bitterness, anger, forgiveness: reflection in ephesians 4 (part 2)

Forgiveness by Eyob B Kassa

Yesterday I began some reflections in Ephesians 4:31-32 about bitterness and anger and this post will focus on forgiveness. How do we forgive? Do we need to forgive and forget? How can we ensure that someone doesn’t hurt us again and again?

These were some of the questions that were raised at the end of the last post and I noted that I needed to answer them here.

Let’s remind ourselves of the passage in Ephesian 4:31-32;

31 Get rid of all bitterness, rage and anger, brawling and slander, along with every form of malice. 32 Be kind and compassionate to one another, forgiving each other, just as in Christ God forgave you.

The first question involces the notion of “forgive and forget”. I noted that, in Tim Keller’s words, in order to forgive not only do you have to forego being the executioner, you also revoke your right to judge the person. You cannot be the executioner, you cannot actively seek to bring about your own idea of justice or vengence. And you also revoke the right to be the judge, to pass sentence and will the penalty or will revenge on the person even if you do not carry it out. Bitterness is the inward condition which holds a person liable for a sin (Tim Keller).

So if you cannot act as judge or executioner when someone sins against you, does this mean the only option is to forgive and forget?

Not only is this not the only option, it is often not the right option! In addition, it is almost impossible to forget, especially in serious cases. You may forgive and actually forget, but most of the time this is not a conscious decision – it just happens. But in cases of  serious sins, such as abuse or worse, this is almost never a reality.

The objection: But doesn’t God say he will remember Israel’s sins no more? (Isaiah 43:25)

It most certainly does say this, but is Isaiah saying that God forgets our sins, that he erases his memory? No of course not. How can an all-knowing God forget? So what does Isaiah mean when he says God will “remember your sins no more”?

Sermon on the Mount – Sourced from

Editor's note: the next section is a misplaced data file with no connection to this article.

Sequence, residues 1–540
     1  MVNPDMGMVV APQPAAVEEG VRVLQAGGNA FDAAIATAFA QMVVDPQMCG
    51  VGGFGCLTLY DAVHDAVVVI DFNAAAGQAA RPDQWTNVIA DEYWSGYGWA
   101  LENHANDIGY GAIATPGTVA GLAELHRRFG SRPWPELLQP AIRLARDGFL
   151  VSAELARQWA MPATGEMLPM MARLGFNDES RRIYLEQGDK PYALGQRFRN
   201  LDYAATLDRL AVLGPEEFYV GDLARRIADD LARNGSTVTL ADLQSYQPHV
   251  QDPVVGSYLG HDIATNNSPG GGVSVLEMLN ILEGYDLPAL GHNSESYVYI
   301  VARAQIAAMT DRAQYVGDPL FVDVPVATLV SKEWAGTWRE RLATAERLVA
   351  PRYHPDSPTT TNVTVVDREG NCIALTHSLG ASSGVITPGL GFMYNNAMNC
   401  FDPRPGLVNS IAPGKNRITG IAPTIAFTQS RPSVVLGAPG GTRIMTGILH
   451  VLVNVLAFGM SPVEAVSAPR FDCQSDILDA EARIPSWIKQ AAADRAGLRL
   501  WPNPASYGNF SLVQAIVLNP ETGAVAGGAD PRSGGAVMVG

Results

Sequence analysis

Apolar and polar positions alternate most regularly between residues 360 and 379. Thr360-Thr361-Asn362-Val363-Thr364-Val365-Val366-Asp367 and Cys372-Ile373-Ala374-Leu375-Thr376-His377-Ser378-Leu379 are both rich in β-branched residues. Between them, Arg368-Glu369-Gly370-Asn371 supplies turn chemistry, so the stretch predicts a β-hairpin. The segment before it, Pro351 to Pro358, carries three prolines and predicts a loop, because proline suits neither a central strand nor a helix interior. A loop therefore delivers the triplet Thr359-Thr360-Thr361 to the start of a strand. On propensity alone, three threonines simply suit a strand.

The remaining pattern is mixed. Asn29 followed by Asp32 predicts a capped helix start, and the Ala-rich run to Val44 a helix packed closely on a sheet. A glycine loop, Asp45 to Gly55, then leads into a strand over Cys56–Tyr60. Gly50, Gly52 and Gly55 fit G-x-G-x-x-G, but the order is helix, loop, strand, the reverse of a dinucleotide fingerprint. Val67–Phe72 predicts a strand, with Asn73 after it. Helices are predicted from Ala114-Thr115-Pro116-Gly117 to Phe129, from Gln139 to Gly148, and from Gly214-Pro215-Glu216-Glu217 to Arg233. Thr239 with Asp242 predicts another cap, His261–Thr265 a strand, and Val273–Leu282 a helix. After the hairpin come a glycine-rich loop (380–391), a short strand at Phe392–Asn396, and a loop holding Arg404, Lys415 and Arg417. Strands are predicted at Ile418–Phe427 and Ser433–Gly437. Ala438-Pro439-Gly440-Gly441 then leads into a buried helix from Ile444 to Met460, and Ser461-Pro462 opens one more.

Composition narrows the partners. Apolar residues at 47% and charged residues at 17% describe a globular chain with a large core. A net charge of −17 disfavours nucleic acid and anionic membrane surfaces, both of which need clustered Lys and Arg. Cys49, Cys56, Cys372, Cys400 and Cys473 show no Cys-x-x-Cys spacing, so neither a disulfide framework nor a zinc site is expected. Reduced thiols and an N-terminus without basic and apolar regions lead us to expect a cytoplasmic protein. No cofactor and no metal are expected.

The word remember is used in the Bible to mean more than memory as opposed to forgetfulness. When God says to the Patriachs or to Israel that I have remembered my covenant (Exodus 2:24, 6:5, Psalm 106:45), this does not mean that his promises have just popped back into his head. It is not that God forgot and now remembers, but the word “remember” indicates action. When God remembers his covenant it means that he will now act upon it.

By extension, when God says he will “remember your sins no more”  it is not that he forgets them but that he chooses not to act upon the basis of them. To put it in opposition to Keller’s definition of bitterness; Bitterness chooses to hold a person liable for sin and treat them accordingly, while forgiveness does not forget the transgression but does not act on the basis of it, it will not treat you like you have sinned.

Forgiveness does not mean you forget the sin, but it does mean that you don’t seek revenge. Not only that, forgiveness involves an active response that contrasts bitterness. Bitterness wills a person’s demise, punishment or wills vengence. Forgiveness not only does not will these things but it actively loves, actively seeks the person’s transformation, actively seeks that person to be made whole and flourish in the fullness of what God created them to be. This is hard.

Jesus put it this way in Luke 6:

27 “But to you who are listening I say: Love your enemies, do good to those who hate you, 28 bless those who curse you, pray for those who mistreat you […]  35 […] love your enemies, do good to them, and lend to them without expecting to get anything back. Then your reward will be great, and you will be children of the Most High, because he is kind to the ungrateful and wicked. 36 Be merciful, just as your Father is merciful.